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In his recent State Of The Nation Address, President Cyril Ramaphosa admitted that the Zondo Commission has exposed a weak and compromised criminal justice system. Ramaphosa went on to point out that the newest hotbed of corruption, that of Covid-19 procurement, had been decisively dealt with by a ‘fusion centre’ of key law enforcement agencies. Paul Hoffman argues that the planned appointment of a National Anti-Corruption Advisory Council will slow the wheels of justice even further. Hoffman suggests that the council should not be necessary and that the fight against corruption should be led by the Constitutional Court. He adds that the criteria for effective anti-corruption bodies have already been laid out and that no statutory body can uphold them, as long as a simple majority vote in parliament can threaten it’s existence. – Melani Nathan
Creating constitutionally compliant anti-corruption machinery of state
By Paul Hoffman*
The anti-corruption announcements during the presidential state of the nation address on 11 February 2021 are a disappointment to the constitutionalists who wish to see the democratic project envisaged in the SA Constitution turn out more successfully than is currently the case.
The nub of the president’s position is best set out in his own words: “We will shortly be appointing the members of the National Anti-Corruption Advisory Council, which is a multi-sectoral body that will oversee the initial implementation of the strategy and the establishment of an independent statutory anti-corruption body that reports to Parliament.”
These words do not stand up to careful scrutiny when constitutional standards are applied to them. The cabinet accepted a National Anti-Corruption Strategy (NACS) late last year without any help from a National Anti-Corruption Advisory Council. It relied on working groups to produce the strategy and rubber-stamped their work. This step has been criticised previously. It is not necessary to repeat the detail of the criticism. In a nutshell, the multi-agency approach adopted by NACS and cabinet is not legally appropriate, does not work in practice in SA and is not in place in most countries in which corruption is successfully contained and combatted via the single agency approach, spurned by cabinet but apparently favoured by the NEC of the ANC is in place.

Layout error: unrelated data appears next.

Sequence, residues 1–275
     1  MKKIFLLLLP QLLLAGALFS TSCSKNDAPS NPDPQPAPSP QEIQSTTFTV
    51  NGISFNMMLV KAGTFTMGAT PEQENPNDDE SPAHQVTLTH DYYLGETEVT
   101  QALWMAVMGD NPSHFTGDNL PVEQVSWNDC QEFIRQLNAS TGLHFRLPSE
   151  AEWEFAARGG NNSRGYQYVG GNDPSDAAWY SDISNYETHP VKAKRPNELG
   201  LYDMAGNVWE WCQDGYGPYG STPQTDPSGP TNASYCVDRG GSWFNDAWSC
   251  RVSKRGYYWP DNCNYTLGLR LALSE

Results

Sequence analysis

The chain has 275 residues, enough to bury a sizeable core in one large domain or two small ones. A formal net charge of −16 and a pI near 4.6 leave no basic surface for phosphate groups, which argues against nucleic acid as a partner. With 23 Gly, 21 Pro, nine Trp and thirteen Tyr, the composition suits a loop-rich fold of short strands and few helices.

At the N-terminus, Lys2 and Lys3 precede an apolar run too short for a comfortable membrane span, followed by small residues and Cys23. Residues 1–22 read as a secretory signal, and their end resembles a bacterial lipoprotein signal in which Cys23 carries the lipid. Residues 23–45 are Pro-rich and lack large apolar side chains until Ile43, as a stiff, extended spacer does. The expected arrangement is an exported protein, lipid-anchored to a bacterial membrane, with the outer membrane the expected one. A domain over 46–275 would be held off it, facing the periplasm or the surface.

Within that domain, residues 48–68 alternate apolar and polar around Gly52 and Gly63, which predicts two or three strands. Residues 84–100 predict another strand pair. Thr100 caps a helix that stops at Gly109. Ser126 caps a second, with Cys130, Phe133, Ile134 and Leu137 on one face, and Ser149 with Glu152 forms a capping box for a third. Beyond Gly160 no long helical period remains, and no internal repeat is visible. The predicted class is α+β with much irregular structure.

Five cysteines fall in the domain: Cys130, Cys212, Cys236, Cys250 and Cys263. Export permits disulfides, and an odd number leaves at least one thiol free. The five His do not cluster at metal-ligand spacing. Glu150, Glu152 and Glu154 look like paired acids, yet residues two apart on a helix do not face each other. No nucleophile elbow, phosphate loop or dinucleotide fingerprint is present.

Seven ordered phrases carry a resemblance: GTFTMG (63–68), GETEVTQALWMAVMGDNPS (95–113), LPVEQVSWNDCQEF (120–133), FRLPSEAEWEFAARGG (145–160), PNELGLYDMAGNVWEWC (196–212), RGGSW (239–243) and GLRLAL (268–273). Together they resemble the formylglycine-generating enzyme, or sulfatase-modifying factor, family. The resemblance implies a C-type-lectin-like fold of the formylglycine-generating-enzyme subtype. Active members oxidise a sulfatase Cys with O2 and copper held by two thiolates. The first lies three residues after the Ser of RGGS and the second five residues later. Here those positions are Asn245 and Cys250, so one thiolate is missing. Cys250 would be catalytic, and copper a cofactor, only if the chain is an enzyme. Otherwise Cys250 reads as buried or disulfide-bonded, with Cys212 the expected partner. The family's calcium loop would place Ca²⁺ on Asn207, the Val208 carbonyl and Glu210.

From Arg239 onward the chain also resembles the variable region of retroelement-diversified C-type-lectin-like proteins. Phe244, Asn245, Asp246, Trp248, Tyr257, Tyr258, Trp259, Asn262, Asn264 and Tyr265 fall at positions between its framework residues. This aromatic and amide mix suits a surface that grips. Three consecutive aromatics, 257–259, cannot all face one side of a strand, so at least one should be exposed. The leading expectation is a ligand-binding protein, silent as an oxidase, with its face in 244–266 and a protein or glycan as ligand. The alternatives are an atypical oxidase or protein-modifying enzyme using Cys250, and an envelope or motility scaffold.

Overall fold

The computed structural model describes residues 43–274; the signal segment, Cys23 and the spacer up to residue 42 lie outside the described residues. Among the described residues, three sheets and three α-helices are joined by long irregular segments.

The only reason for the establishment of the “Advisory Council” is to resolve the tension between the position of the cabinet – which supports the Zuma-era thinking that went into the NACS it adopted last year and the position of the NEC – which has adopted a more constitutionally compliant best practice model by calling for a specialised, single, stand-alone entity to “deal with” corruption.
The deliberations of the advisory council announced by the president will be a typical illustration of the tendency to kick the can down the road that is the hallmark of bad governance in states that are not capable. There is no need for any advice in a situation in which the law has been spelt out clearly by the highest court in the land in a decision that binds government.
The only sound advice the proposed and intended “Advisory Council” can properly give is that the decisions of the courts are binding and must be implemented by government. This simple conclusion follows from any proper reading of section 165(5) of the Constitution. All organs of state must ensure the effectiveness of the courts and section 237 obliges the president and government to perform all constitutional obligations “diligently and without delay”. Neither of these criteria is served by establishing the council. If its members are true to their task they will have one meeting only and immediately resolve to advise government to stop procrastinating on the proper and wholehearted implementation of the criteria set in the Glenister litigation ten years ago and confirmed by the Constitutional Court in 2014.
The criteria for effective and efficient anti-corruption machinery that have been prescribed by the courts have become known as the STIRS criteria and have been adopted in the resolution of the NEC of the ANC announced on 4 August 2020. STIRS is an acronym for Specialised, Trained, Independent, Resourced and Secure in Tenure of Office. The website of Accountability Now is replete with discussion of these criteria which are based on the work of researchers in the employ of the OECD who seek to establish best practice in countering corruption.